SHOW * FROM movies ORDER BY year;
    

will show all movies in ascending order of the year column. If you want you can explicitly specify ASC for the order. But it is ascending by default (Low to High).

    SHOW * FROM movies ORDER BY year DESC;
    

will show all movies in descending order of the year.

You can chain ordering together by adding a comma , after each column and their ordering keyword.

    SHOW * FROM movies ORDER BY year ASC, title DESC;
    

will show the movies by ascending order of the year and in every year the title would be in descending (reverse) order.

The ordering of the chain matters. Whatever you want sorted first needs to be included first.

Limiting the Result Set

Keyword Meaning
LIMIT No. of result rows
OFFSET Offset of result rows
    SELECT * FROM movies LIMIT 10 OFFSET 20;
    

is the same as

    SELECT * FROM movies LIMIT 20,10;
    

Keep in mind that the OFFSET of the initial row is 0, not 1.

There is a default LIMIT of 1000 in some software (like MySQL Bench). Be aware of it when you are working with results in excess of 1000+. If you are working with a programming language (like PHP) this default limit won’t be there.

Dealing with NULL

Keyword Meaning
IS NULL Has no value
IS NOT NULL Is not empty (Has a value)
    SELECT * FROM movies WHERE year IS NULL;
    

Select all movies with the “year” column that hasn’t been populated yet. In other words, show all movies with no year given.

Null affects your sort order as it’ll always come at top.

    SELECT * FROM movies WHERE year IS NOT NULL ORDER BY year;
    

will exclude the empty results. Select all movies that have data in the “year” column.

Updating Data

    UPDATE movies SET year=2015;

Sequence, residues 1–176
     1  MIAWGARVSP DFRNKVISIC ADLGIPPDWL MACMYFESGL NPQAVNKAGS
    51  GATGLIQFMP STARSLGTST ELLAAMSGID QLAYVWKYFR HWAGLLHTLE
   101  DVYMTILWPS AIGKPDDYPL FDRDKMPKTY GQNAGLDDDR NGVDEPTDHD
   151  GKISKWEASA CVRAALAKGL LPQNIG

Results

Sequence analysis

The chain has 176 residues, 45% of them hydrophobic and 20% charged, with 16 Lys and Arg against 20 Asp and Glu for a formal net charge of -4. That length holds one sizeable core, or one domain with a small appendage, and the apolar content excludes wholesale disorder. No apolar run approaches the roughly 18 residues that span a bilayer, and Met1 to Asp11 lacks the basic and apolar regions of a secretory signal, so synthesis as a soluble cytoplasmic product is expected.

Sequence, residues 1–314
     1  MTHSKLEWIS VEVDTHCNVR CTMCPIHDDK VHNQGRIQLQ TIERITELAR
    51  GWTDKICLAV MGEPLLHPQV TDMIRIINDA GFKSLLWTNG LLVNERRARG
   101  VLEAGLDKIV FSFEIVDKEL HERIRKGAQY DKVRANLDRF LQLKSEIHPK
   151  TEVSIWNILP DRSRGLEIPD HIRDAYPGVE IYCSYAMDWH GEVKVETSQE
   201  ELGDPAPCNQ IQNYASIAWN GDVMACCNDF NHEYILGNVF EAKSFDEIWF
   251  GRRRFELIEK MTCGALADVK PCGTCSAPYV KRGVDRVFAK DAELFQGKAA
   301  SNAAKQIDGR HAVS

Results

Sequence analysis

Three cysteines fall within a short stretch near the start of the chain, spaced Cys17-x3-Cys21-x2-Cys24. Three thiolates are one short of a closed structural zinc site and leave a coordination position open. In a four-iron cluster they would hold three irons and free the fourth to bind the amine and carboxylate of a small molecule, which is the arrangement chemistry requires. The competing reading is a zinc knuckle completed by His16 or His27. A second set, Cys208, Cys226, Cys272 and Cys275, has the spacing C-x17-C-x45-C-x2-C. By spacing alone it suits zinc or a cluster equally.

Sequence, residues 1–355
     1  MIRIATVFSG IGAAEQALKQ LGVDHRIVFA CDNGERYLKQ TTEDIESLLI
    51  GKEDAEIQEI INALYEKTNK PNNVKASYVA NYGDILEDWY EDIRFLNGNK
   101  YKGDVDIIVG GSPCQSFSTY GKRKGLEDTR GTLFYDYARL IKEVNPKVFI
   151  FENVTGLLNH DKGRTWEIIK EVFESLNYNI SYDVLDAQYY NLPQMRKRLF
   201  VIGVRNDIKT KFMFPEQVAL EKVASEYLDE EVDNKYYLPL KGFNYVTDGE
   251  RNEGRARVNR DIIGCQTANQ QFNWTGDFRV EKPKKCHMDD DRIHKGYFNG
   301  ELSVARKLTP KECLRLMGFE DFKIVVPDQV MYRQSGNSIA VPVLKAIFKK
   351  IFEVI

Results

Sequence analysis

The command above will change the year to 2015 for all rows in the year column. To specify which row to update the year for, specify title as well. Make the command target more specific:

    UPDATE movies SET year=2015 WHERE title="Avatar 2";
    

Update existing values

    UPDATE movies SET year=2016, title="Avatar Reloaded" WHERE title="Avatar 2";
    

will update the existing Avatar 2 row to Avatar Reloaded and change the year to 2016.

Delete Data

    DELETE FROM movies;
    

will delete everything in the movies table. Not a good idea to do unless that’s what you really want. You can use WHERE to narrow down your target.

    DELTE FROM moviews WHERE title = "Avatar Reloaded";
    

to be extra safe, mention as many values for the row as you know.

    DELTE FROM moviews WHERE title = "Avatar Reloaded" AND year=2016;
    

NOTES

Follow convention

    update movies set year=2015;
    

is the same as

    UPDATE movies SET year=2015;
    

both will get the job done.

You don’t have to uppercase all SQL keywords, but you should because it is convention to do so. Also, it make your code more readable.

Turn safe updates off

    SET SQL_SAFE_UPDATES = 0;
    

To turn them back on, change the 0 to 1. Safe mode lets you UPDATE and DELETE a little more safely.